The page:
Here is a link to getting started with composting:


Nothing is funner than pretending to be Emeril in the kitchen, get creative with your cooking! I had this instilled in me from a young age, I guess, as my Parents were always finding ways to use the fridge scraps and leftovers to make the next meal. On the weekends, my Parents used to make, what we coined "garbage eggs". This usually consisted on leftover meats and veggies we had in the fridge from the week before. My favorite was leftover gyro meat, onions, and mushrooms, mixed in with scrambled eggs.

To this day, I still practice "garbage dishes" every week. I love taking leftover dishes and re-purposing them into a new meal. Give it a try!


If you read through number 3 and wanted to vomit at the mere thought of using leftovers, or even having leftovers in your fridge, STOP COOKING SO MUCH FOOD!!!! I know too many people that can't stand leftovers and refuse to eat them. No sweat, leftovers are not for everyone. However, if you are this kind of person, please cook less, or eat smaller portions so that leftovers are a thing that don't exist in your food world.


If you read through number 4, and realized you still have leftovers regardless of how hard you try to cook less and eat less, than maybe consider feeding the scraps to your animals. Dogs benefits from eating people food much better than dry dog food. Let me rephrase...dogs and cats can benefit from eating good quality people food than dry food.

I feed my Great Pyrenees, Ellyeska, food scraps that I know her stomach can tolerate. She loves the heel of the bread loaf, squash, and eggs, but she is not the main recipient of food scraps. Chickens. Chickens. will. eat. ANYTHING.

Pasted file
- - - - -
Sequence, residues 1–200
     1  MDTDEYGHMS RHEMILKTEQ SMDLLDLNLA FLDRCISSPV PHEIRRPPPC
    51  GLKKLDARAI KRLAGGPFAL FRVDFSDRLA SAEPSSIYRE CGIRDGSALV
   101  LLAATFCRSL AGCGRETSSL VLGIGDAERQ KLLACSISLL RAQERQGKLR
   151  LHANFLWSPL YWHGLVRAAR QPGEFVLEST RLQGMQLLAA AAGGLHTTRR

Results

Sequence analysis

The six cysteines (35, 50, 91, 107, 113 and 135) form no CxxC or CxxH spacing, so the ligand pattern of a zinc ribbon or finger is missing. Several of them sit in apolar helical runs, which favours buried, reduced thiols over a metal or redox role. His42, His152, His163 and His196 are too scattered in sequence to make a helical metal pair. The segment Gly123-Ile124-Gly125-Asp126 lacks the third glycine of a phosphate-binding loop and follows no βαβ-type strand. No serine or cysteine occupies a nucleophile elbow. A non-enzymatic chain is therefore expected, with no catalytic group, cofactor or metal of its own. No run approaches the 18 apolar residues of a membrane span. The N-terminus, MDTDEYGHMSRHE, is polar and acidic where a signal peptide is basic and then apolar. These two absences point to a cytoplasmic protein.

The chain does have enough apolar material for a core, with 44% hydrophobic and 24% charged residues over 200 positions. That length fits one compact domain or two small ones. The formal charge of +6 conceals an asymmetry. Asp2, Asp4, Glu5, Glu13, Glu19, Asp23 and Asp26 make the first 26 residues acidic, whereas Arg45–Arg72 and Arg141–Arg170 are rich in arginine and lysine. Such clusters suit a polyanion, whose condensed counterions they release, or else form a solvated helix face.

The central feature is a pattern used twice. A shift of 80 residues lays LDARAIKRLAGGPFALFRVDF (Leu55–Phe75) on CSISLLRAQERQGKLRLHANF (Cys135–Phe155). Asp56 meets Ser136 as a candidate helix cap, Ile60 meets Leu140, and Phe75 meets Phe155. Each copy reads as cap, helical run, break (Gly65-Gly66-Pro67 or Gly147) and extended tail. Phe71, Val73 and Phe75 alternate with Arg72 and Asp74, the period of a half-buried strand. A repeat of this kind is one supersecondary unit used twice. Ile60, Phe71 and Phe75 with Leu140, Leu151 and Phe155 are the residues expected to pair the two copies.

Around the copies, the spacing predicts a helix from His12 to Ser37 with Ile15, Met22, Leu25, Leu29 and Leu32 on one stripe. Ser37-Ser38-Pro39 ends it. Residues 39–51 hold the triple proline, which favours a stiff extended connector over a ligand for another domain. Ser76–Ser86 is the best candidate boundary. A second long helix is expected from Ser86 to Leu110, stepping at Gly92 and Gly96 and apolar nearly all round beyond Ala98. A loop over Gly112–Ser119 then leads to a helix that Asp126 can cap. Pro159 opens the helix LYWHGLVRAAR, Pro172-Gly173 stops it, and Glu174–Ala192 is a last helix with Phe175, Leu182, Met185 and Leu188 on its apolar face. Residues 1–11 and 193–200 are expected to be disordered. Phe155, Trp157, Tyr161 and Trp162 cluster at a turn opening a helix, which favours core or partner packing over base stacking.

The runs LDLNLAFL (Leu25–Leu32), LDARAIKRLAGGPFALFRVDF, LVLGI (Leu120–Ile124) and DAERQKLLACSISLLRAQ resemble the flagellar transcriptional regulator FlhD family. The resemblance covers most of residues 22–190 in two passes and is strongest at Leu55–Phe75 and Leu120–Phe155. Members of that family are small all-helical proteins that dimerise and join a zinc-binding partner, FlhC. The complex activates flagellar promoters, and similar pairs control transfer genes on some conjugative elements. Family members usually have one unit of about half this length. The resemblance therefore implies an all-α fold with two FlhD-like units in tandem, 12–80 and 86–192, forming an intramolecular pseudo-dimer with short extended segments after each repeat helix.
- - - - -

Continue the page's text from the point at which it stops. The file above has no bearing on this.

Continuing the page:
I have a tupperware container that sits in my fridge that is for food scraps. Whether I am cutting up veggies, or cleaning the food scraps out of a pan of food, everything goes into that tupperware container. Every weekend or every other weekend, I give that tupperware of food scraps to the chickens. The ONLY food you really want to stay away from is onions. Most animals cannot properly digest onions, so it's not a smart idea to feed any kind of onions to animals. I will occasionally put onions in the food scrap bin for chickens, only if the onions are cooked. Please do not feed raw onions to your animals.

Fall season brings on some of the biggest food waste ever, as pumpkins, corn, and other fall decorative foods are often thrown in the trash after they are no longer needed for home decorations. STOP THROWING THEM AWAY. Instead, find a nearby farmer, or a backyard chicken raiser, and give them the end-of-season items. They will get eaten and enjoyed by the livestock.

This year, I grew pumpkins in my garden and put them out on display around my farm for the fall season. Now that we are headed into winter, each week, I take a few pumpkins and chop them in half. The chickens and ducks are happy to clean the guts out of the pumpkins, however, they will not eat the rinds. Lucky for me, I have cattle that will! After the birds eat what they want, I take the scraps and throw them to the cows. The cows are happy to devour the rest of the pumpkins.

This is a typical practice for us here on the farm. If Austin and I do not eat it, someone else around the farm WILL!

My challenge for you heading into the holiday season, is be mindful of what you are wasting, and maybe get out of your comfort zone and befriend a local farmer to donate your scraps to. Beautiful relationships are formed that way! :)